Matthew Meddings’ black labrador Winnie sleeps with him now, in the space where his late wife Gemma used to be.
The 40-year-old widower finds taking care of the pet, which was like a child to them both, has often been the only thing to get him up each day.
He says: “I give him a hug and kiss each evening from her and tell him his mum loves him. I get out three times a day with him, Gem would be so mad with me if he wasn’t looked after.
“I don’t think it’s an exaggeration to say he’s kept me going through the most awful and darkest of times.”
Matthew lost Gemma in August 2019 when she was just 37, following a battle with cancer, first diagnosed in the breast.
His story mirrors that of Ricky Gervais’ character Tony Johnson in the Netflix drama After Life, the middle-aged journalist consumed with anger and loneliness after losing his wife, Lisa (Kerry Godliman), to breast cancer.
In what is perhaps the comic’s greatest piece of writing yet, Tony’s German shepherd, Brandy, gives him a reason to carry on as he turns to drink, drugs, and even considers suicide.
After Life is the most-watched British comedy of the decade with 100 million views and a National Television Award gong. The series returned for a third and final series yesterday and Matthew is just one of many men, and women, who have found themselves in Tony’s position after losing their own partners.
The commercial director from Inkpen, Berks, gained reassurance through watching the character’s excruciating, messy, heartrending journey, as he navigates life alone, watching his wife’s posthumous video messages.
Perhaps more surprising, so did Gemma. The couple watched series one together, attempting to cling to normality, just months before she died.
Matthew adds: “Watching it was daunting, to think this would be us in a couple of months. To think, you will be the one talking from the grave, and I will be the one picking up the pieces. Those scenes with the dog, It was like a mirror.”
Shortly before her death, Gemma revealed she had been keeping a blog which mentioned the show.
She wrote: “We started watching it without knowing what it was about, probably a good thing as I’m not sure we would have done otherwise. But it is one of the most honest, heartwarming, heartbreaking things you’ll ever watch.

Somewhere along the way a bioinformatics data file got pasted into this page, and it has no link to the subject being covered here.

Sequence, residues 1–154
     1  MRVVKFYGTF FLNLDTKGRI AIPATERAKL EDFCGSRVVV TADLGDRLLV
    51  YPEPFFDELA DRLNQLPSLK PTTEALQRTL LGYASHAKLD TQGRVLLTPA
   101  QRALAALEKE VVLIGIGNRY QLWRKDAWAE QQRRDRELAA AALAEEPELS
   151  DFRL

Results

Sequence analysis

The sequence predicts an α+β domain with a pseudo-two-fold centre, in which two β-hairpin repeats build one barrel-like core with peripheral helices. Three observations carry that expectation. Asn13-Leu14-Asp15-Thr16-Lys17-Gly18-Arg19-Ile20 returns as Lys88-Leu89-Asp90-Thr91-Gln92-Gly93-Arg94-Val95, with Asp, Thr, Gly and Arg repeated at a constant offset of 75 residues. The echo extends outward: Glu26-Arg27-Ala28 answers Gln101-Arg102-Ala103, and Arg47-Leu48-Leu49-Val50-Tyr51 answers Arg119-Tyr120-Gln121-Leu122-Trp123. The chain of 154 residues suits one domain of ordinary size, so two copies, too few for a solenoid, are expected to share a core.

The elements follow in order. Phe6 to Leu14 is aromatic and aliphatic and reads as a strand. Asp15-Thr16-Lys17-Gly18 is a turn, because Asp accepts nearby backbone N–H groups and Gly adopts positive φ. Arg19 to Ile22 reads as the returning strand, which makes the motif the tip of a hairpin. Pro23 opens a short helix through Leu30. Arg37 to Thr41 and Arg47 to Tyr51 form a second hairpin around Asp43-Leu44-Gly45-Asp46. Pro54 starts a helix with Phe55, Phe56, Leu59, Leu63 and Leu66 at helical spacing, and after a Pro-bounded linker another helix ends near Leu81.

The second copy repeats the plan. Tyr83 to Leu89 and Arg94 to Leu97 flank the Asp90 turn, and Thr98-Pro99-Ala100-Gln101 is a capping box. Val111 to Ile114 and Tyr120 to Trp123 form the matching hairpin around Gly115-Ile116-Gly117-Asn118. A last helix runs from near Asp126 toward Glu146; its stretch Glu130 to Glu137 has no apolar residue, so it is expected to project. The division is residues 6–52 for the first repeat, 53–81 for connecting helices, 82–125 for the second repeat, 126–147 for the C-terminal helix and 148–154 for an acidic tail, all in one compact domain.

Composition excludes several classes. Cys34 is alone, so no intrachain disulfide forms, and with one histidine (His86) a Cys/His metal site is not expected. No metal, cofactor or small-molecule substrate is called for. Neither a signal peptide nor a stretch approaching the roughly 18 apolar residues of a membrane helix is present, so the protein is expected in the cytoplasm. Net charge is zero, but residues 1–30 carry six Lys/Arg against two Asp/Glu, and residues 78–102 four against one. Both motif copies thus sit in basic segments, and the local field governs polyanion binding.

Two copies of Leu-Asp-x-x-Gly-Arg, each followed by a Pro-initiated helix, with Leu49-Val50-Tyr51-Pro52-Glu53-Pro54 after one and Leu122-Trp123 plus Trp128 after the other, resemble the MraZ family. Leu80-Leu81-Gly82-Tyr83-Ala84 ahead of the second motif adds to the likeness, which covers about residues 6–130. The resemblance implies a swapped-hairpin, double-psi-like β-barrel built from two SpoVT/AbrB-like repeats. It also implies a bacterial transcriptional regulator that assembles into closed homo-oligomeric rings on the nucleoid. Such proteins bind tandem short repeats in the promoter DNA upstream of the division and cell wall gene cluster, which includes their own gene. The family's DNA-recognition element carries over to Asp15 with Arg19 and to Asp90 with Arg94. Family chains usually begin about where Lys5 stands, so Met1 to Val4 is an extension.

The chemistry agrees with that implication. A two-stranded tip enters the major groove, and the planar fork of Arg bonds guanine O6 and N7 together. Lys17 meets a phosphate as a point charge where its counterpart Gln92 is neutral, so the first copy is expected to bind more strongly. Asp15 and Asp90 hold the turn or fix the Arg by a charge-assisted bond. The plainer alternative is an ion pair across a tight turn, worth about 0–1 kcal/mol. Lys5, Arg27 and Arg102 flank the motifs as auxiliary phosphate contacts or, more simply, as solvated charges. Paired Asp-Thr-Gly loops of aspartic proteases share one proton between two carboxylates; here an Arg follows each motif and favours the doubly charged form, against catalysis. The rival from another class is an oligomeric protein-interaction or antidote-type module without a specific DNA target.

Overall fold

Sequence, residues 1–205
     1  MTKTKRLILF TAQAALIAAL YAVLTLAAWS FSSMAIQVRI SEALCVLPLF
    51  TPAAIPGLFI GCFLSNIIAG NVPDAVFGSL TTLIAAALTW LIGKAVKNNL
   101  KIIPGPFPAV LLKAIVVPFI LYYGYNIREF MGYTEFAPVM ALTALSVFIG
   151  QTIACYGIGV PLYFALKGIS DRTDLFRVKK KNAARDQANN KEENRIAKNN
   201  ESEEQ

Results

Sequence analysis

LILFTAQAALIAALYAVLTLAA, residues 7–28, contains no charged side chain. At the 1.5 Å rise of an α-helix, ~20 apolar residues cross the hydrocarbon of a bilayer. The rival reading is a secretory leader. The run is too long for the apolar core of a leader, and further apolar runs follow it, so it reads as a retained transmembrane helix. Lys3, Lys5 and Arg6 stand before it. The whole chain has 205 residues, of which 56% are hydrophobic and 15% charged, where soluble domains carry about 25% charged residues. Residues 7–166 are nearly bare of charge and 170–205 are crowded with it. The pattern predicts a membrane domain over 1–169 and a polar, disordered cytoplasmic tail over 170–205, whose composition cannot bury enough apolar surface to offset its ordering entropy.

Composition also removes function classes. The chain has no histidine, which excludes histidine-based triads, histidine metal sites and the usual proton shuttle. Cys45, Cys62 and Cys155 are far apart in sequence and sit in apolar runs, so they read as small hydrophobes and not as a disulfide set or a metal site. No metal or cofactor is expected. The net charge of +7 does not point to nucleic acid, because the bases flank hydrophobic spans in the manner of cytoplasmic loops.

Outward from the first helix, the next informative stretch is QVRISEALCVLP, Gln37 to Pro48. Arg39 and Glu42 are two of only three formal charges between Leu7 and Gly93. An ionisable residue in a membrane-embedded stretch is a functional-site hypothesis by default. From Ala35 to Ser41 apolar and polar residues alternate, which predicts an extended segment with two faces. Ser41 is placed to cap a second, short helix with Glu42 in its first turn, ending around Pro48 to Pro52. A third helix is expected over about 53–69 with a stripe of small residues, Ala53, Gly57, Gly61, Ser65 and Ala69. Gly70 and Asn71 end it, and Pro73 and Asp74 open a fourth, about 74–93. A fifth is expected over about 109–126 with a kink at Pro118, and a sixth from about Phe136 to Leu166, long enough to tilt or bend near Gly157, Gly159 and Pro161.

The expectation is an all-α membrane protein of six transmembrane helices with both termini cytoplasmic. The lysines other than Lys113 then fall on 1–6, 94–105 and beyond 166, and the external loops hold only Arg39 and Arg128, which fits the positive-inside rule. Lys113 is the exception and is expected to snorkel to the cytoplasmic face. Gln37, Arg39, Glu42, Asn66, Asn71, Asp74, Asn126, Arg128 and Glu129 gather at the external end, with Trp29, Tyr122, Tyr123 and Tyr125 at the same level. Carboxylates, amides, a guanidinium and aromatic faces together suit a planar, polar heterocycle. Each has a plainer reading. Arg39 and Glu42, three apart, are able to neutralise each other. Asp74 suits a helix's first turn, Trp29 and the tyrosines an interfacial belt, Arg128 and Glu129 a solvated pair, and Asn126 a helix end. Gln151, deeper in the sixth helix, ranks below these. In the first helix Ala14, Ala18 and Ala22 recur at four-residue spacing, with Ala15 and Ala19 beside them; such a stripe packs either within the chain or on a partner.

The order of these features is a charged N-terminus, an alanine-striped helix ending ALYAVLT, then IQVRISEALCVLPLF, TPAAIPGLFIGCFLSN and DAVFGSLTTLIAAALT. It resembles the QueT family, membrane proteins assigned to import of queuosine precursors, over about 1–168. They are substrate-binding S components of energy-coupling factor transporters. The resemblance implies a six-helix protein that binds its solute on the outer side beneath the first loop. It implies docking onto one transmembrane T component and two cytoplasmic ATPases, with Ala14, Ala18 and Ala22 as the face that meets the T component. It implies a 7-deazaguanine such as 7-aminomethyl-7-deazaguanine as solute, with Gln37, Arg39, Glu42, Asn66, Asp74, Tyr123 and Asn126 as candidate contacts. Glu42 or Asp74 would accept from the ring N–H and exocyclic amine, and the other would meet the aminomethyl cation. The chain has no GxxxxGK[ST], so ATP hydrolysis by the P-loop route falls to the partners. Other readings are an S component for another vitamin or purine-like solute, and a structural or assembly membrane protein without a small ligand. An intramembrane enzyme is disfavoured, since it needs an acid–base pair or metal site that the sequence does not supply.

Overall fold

“And way too close to mine and Matt’s life for my liking.”
Her words were her equivalent of Lisa’s videos.
She added: “Matt, you are Ricky Gervais in After Life, but please god don’t go down the drugs road. (lol sorry). I’m genuinely not scared of dying. What genuinely terrifies me is how much grief can affect someone and there’s absolutely nothing I can do about it. All I can do is promise that if you need me, I’ll be there, in your heart, always.”
Matthew and Gemma were not alone in watching After Life as they prepared to be parted.
Simon Meredith, 49, also saw it with wife Amanda before she passed away in June 2019, aged 54. Her cancer had also been primarily in the breast.
On their sofa in Poole, Dorset, they laughed and sobbed together.
Teacher Simon says: “It made it easier to sit there and ask, ‘How do we feel?’”
Amanda was worried how he would cope. Tony’s drinking and his suicidal thoughts gave her a way in.
Simon adds: “She brought that up a lot. She asked me to promise I would go on.” He gave his word. He has, he says, avoided depression in part because of the therapy of watching the show. Simon adds: “It helps me to think, ‘Would she be proud of me?’”
Since her death, watching has been “extraordinarily helpful”, he reveals, and says. “To see a man I recognised making it, with the help of people around him.”
Anthony Elliott also found comfort in Gervais’ character.
The 50-year-old, from Enderby, Leics, lost wife Elaine to cancer in October 2020 when she was 49.
The couple, with two children, had been married 23 years.
Anthony watched the show at night. He recalls: “I sobbed my heart out. I would go through that emotional turmoil Tony was going through, get all of that emotion out, and then start my day with Elaine, have a positive day with her.”
He, like all the men, sees himself in Tony. They admit, a little ruefully, it’s cathartic seeing him rudely voice his anger at the world.
Anthony adds: “He is angry, bitter, he has fallen out of love with the world. I would say they are emotions I still have.”
But, like him, they are all slowly inching forward with the lives their wives wanted them to relish.
Matthew and Anthony have tried new relationships.
Like Tony, they have struggled with guilt, but are learning it is okay. It was something their late wives discussed with them.
Matthew admits girlfriends have reacted differently.
Some have found it too difficult, others have been incredibly “caring and understanding”.
But he says: “It is hard for someone to date a widower.”
Anthony’s new partner Salma is a widow herself, which he believes helps the situation. They have been together for six months.
He admits: “There has massively been guilt.
“But it feels like there are four of us in the relationship, and for me that’s absolutely fine. I would never want her not to talk about her late husband, and I know she would not want me not to talk about Elaine.”
In the new series, he hopes Tony “softens” and embraces happiness.
It’s what all three men are trying to do. They feel it is the best way they can honour their wives.
*All three men are members of Widowed and Young (WAY), the only national charity in the UK for men and women aged 50 or under whose partner has died. For information visit widowedandyoung.org.uk
Do you have a story to sell? Get in touch with us at firstname.lastname@example.org or call us direct 0207 29 33033.